In 1972, after performing in various San Francisco theaters, the Company settled permanently in the War Memorial Opera House for its annual residency. The following year, Michael Smuin was appointed associate artistic director and celebrated his new partnership with Lew Christensen by collaborating on a full-length production of Cinderella. In 1976, Smuin’s Romeo and Juliet became the first full-length ballet and the first performance by a West Coast company to be shown on the PBS television series “Dance in America.” In 1981, Smuin’s The Tempest—the first ballet ever broadcast live from the War Memorial Opera House—was nominated for three Emmy Awards (Willa Kim received the award for Outstanding Costume Design). Three years later, Smuin received an Emmy Award for Choreography for the “Great Performances—Dance in America” national broadcast of A Song for Dead Warriors.

In 1974 San Francisco Ballet faced bankruptcy, but its supporters and the community responded with an extraordinary grassroots effort called “Save Our Ballet,” which successfully brought the Company back from the brink. That same year, Dr. Richard E. LeBlond, Jr., was appointed president and general manager of the San Francisco Ballet Association. He developed the first long-range plan for an American dance company, and in 18 months San Francisco Ballet was in the black financially.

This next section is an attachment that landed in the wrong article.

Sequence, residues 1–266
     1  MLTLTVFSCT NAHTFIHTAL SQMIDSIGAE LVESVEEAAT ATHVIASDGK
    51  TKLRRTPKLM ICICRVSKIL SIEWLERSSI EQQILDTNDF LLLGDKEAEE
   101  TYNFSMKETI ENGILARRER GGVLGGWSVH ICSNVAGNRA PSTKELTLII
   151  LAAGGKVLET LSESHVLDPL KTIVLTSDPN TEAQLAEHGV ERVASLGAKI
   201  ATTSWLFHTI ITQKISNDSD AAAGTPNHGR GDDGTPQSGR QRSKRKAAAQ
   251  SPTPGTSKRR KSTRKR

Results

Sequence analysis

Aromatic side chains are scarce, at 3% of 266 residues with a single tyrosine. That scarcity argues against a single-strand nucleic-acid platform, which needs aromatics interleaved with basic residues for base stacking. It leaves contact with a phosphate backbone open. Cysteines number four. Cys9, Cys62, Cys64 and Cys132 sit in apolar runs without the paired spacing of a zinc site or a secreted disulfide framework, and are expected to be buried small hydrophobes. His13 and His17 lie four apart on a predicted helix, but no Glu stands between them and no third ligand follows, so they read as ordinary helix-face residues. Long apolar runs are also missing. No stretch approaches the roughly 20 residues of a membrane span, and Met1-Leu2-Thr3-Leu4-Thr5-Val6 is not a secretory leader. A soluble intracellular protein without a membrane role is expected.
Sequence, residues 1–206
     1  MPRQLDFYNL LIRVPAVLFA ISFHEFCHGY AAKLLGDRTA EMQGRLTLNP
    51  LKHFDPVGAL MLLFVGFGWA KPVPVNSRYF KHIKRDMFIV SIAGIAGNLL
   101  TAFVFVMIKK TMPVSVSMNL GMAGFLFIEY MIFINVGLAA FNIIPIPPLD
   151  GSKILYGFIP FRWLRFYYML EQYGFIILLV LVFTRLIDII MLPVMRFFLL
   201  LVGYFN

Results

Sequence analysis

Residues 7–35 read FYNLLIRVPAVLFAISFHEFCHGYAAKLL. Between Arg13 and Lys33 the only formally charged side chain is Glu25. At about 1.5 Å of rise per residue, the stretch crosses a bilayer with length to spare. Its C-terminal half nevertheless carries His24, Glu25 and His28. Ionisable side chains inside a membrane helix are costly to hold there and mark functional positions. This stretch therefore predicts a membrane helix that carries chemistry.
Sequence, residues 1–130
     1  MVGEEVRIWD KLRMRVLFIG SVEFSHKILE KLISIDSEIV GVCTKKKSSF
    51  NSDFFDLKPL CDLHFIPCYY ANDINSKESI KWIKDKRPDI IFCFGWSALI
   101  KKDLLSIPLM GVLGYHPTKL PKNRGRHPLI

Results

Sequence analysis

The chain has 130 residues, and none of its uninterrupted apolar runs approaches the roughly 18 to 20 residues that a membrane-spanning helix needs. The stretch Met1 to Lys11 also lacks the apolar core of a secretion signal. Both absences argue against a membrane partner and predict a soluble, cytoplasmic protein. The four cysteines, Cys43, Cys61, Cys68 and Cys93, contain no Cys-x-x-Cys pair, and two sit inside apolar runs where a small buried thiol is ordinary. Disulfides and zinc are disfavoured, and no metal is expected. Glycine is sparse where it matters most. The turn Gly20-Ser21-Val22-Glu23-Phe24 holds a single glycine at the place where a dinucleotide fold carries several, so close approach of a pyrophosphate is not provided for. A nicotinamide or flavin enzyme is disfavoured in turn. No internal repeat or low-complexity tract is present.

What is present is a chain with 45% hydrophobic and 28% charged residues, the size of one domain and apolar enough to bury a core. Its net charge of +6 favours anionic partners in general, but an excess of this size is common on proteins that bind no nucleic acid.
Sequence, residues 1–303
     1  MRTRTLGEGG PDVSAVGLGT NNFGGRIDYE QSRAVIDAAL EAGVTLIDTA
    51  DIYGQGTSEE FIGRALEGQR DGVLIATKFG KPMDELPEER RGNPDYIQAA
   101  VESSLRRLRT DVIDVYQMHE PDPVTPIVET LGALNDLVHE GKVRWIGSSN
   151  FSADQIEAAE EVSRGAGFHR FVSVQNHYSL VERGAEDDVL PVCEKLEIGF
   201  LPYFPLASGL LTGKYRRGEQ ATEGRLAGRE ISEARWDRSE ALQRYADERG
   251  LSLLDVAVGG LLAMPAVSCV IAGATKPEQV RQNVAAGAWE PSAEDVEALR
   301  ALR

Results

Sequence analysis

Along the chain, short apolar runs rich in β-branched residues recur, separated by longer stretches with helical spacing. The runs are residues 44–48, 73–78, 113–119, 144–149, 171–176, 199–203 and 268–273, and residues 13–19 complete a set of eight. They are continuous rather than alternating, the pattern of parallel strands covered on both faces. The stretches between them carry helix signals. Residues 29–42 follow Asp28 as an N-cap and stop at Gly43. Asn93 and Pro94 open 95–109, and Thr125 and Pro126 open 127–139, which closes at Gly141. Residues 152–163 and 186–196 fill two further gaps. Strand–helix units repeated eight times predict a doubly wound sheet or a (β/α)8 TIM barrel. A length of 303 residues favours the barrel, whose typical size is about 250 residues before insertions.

Helgi Tomasson’s arrival as artistic director in July 1985 marked the beginning of a new era for San Francisco Ballet. Like Lew Christensen, Tomasson had been for many years a leading dancer for the most important ballet choreographer of the 20th century, George Balanchine. Less than two years after Tomasson’s arrival, San Francisco Ballet unveiled its fourth production of Nutcracker during the Company’s 54th Repertory Season. Tomasson has since staged acclaimed full-length productions of many classics, including Swan Lake (1988); The Sleeping Beauty (1990); Romeo & Juliet (1994); Giselle (1999); Don Quixote, co-staged with former Principal Dancer and current Choreographer in Residence Yuri Possokhov (2003); and a new Nutcracker (2004).